As Sudanese protesters continue pushing for their legitimate demands for a transitional government following the ouster of longtime ruler Omar Al Bashir, it is important that ongoing talks do not get derailed.
The transition should balance the ambitions of the people with institutional stability and the military has a key role to play in this transition. While protesters want the composition of the interim government to be made up mostly of civilians, they must also take into account the need for security, lest it becomes another Syria or Libya, where the conflict spirals into bloodshed.
So far, the military has acquiesced on several key demands of the protesters including jailing Al Bashir, sacking some controversial members of the Transitional Military Council and agreeing to an immediate transfer of power rather than a three-month period. The protesters, weary of “tricks” by the military, have kept up their sit-in since April 6 in front of military headquarters. They believe that the military is not serious about transferring power to civilians.
The trust gap can only be bridged by continuous dialogue and compromise on both sides. Up until Tuesday, the protests were peaceful in nature. However, late Tuesday, seemingly losing their patience, they resorted to civil disobedience, blocking roads and setting fire to tyres.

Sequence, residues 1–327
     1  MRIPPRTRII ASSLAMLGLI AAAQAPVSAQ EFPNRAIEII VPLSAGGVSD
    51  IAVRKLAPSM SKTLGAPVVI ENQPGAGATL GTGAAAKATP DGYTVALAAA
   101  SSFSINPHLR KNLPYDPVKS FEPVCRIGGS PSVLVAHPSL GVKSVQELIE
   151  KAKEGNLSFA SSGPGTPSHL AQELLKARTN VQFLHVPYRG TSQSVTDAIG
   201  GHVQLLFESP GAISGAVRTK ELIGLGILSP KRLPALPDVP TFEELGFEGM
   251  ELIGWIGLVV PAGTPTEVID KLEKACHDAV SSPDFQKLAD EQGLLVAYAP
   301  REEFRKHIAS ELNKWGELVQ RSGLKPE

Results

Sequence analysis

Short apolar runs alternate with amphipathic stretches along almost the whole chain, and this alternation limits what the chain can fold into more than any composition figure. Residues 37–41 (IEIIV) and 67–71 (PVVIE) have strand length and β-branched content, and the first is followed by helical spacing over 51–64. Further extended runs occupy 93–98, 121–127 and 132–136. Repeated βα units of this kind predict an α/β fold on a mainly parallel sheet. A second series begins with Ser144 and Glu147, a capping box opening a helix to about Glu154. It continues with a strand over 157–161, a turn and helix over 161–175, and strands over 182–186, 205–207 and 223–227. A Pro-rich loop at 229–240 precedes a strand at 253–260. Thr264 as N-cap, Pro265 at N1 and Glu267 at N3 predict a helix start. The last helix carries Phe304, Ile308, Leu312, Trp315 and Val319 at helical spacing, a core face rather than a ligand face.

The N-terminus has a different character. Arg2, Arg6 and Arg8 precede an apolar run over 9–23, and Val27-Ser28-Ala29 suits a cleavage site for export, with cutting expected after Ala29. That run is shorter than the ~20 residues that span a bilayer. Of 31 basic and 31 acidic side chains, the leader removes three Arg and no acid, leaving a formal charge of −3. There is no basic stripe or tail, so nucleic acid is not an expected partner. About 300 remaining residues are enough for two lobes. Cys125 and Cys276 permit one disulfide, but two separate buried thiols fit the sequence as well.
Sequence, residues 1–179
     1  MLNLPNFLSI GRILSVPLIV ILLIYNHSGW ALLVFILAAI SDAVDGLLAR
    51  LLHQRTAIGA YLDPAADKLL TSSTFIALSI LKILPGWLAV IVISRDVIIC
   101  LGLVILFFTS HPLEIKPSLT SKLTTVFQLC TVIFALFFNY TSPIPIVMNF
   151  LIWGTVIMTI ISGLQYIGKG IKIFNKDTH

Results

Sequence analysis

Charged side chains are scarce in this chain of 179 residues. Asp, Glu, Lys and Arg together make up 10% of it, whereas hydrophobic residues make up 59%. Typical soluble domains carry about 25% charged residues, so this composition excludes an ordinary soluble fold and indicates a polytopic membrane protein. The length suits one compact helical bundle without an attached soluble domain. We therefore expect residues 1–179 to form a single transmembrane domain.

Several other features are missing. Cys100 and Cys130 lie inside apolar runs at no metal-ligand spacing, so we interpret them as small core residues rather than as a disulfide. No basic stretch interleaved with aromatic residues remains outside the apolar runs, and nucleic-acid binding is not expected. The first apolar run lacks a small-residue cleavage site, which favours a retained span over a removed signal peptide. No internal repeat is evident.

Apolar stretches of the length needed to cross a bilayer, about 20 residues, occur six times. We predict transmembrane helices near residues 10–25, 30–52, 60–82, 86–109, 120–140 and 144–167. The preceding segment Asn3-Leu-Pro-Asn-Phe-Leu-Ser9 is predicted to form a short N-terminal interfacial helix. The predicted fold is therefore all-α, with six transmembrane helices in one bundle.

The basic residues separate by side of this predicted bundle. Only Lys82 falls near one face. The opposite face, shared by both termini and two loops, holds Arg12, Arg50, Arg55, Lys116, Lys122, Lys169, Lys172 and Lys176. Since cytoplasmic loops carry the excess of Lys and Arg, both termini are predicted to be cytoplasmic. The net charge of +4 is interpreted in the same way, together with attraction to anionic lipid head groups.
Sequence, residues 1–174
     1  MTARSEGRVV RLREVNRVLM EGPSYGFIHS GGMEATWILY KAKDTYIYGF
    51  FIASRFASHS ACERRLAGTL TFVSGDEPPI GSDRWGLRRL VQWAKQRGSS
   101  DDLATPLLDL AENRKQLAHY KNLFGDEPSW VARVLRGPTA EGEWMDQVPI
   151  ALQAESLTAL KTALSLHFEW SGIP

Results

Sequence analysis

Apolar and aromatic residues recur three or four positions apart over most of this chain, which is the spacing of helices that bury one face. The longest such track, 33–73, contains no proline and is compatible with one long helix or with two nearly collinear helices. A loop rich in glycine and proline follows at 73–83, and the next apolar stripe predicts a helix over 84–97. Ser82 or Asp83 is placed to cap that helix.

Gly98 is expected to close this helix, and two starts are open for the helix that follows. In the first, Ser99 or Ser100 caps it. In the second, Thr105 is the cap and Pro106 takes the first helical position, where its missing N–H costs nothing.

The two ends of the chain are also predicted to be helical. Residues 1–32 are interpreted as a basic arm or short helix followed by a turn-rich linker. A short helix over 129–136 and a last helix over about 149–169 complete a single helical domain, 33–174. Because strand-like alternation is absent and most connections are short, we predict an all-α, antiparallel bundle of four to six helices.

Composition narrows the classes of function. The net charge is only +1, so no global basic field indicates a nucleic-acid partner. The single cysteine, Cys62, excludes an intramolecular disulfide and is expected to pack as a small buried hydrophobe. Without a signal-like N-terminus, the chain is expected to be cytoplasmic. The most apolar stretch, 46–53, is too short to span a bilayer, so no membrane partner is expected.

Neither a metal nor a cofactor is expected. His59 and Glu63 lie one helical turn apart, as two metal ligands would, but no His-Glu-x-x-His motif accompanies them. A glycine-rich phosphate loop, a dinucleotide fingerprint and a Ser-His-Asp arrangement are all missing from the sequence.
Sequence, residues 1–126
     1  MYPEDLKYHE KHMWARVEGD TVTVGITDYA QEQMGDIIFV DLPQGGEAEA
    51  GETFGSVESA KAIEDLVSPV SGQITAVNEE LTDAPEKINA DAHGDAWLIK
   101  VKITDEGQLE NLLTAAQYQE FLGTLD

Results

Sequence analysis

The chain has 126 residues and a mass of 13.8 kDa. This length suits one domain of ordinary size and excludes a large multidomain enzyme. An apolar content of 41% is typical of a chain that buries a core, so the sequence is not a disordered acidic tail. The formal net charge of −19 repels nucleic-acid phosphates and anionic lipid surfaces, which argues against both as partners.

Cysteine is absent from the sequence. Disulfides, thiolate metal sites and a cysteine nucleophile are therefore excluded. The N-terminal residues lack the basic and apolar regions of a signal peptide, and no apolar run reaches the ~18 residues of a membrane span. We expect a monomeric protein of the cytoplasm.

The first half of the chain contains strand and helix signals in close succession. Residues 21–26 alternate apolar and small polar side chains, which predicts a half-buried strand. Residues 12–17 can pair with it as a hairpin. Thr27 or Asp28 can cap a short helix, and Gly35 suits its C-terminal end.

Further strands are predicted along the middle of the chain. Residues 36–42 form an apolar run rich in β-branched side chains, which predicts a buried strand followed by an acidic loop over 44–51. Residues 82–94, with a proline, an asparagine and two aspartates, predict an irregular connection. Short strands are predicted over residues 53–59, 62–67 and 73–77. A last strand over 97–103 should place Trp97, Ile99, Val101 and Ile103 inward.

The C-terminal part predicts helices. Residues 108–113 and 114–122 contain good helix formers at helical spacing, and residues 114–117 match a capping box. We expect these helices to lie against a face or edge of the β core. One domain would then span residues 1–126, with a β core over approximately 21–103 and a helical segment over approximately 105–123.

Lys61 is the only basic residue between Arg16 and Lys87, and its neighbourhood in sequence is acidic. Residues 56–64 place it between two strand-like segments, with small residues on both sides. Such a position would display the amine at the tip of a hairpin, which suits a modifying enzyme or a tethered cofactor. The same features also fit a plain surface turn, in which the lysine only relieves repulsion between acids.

The Sudanese Professional Association has vowed to keep up their peaceful protests until their demands are met, but with the latest instance of civil disobedience, the military might also lose patience with the protests. This will bring the country to a dangerous juncture where either peace or violence will prevail. Just as the military compromised, the protesters must have a realistic vision on how the country should move forward.
Democratic civilian rule must, at least for the interim period, be overseen by experienced military leaders. The TMC reiterated that it was open to more talks, but warned there should be no further unrest beyond Tuesday, a reference to protests disrupting trains and blocking bridges. It said it would not disperse a protest sit-in that has been staged outside the Defence Ministry since April 6.
UAE minister of State for Foreign Affairs Anwar Gargash put it best when he said on Wednesday, “We have experienced all-out chaos in the region and, sensibly, don’t need more of it.” The aftermath of the so-called Arab Spring protests proved bloody for many countries particularly Syria, Yemen and Libya. It is important that Sudan steers clear of going down the same path.